We gathered in Solvang, the historic little Danish community (i.e., tourist trap) that sits a half-hour north of Santa Barbara. And we shopped, tasted wine, bought wine, and wrapped it all up with dinner at a nice Danish restaurant.
And I forgot entirely about the Oscars.
I didn’t even DVR the damn thing.
In fact, I’d still forgotten about the Oscars until this morning, when I plopped into a comfy chair at Starbucks with my cup of dark roast, booted up the ol’ laptop, and saw the news headlines.
The Hurt Locker? Kathryn Bigelow? What the –?!
Wasn’t the high-priced 3D leviathan Avatar supposed to sweep the Oscars this year? And wasn’t it assumed that its director, James Cameron (ironically, Bigelow’s ex), would equally clobber his competition?
I haven’t seen either The Hurt Locker or Avatar yet. I’m sure both are extraordinary in their own way. But I’m just wondering…
By the time the Oscars rolled around this year, Avatar was the box office champ of all time. Both it and Cameron had already swept the Golden Globes in January. The newspapers were filled with full-page ads for the film, all of them displaying critics’ rave reviews quoted out of context.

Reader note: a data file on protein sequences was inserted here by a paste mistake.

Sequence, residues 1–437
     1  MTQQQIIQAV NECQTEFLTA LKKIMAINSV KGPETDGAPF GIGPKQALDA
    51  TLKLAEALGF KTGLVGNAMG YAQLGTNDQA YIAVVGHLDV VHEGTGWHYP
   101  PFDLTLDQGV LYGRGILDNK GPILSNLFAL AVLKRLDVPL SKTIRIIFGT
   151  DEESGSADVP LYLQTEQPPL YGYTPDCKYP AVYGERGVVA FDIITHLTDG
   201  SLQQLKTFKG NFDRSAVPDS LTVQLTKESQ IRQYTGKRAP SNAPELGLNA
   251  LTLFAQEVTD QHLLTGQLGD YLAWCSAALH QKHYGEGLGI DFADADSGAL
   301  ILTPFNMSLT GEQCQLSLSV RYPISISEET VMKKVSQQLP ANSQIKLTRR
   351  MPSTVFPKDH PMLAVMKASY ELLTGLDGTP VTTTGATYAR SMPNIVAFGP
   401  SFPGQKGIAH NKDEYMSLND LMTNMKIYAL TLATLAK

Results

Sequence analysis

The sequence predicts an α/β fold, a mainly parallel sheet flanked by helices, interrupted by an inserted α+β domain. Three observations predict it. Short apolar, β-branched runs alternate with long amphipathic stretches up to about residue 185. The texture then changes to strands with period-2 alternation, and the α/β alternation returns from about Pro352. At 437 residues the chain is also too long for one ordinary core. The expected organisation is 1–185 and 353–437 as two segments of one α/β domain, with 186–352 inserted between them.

All we heard for three months was Avatar, Avatar, Avatar.
Did both the movie and its director finally get buried in their own hype?
Did even Hollywood finally become exhausted with the “I’m king of the world!” chest-thumping?
In marketing, too much hype often creates backlash.
If your ad, or website, or sales letter, or email is filled with exclamation points beyond all reason — and it uses way too many words like All-New, and Fantastic, and Groundbreaking — you might wanna shift into a lower gear.
We’re living in an era dominated more and more by weary skeptics. The Big Hype doesn’t work as well as it did even a decade ago.
Keep this in mind when you promote your new business or product or service.
Don’t over-hype and suffer like Avatar did at last night’s Oscars.
I’m interested in what you think about Avatar, the Oscars, and the hype. Comment below and let’s talk about it.
P.S. Quick tip: in your next marketing piece, try cutting your use of exclamation points in the copy by about half. Test it. Then let me know how that works for you.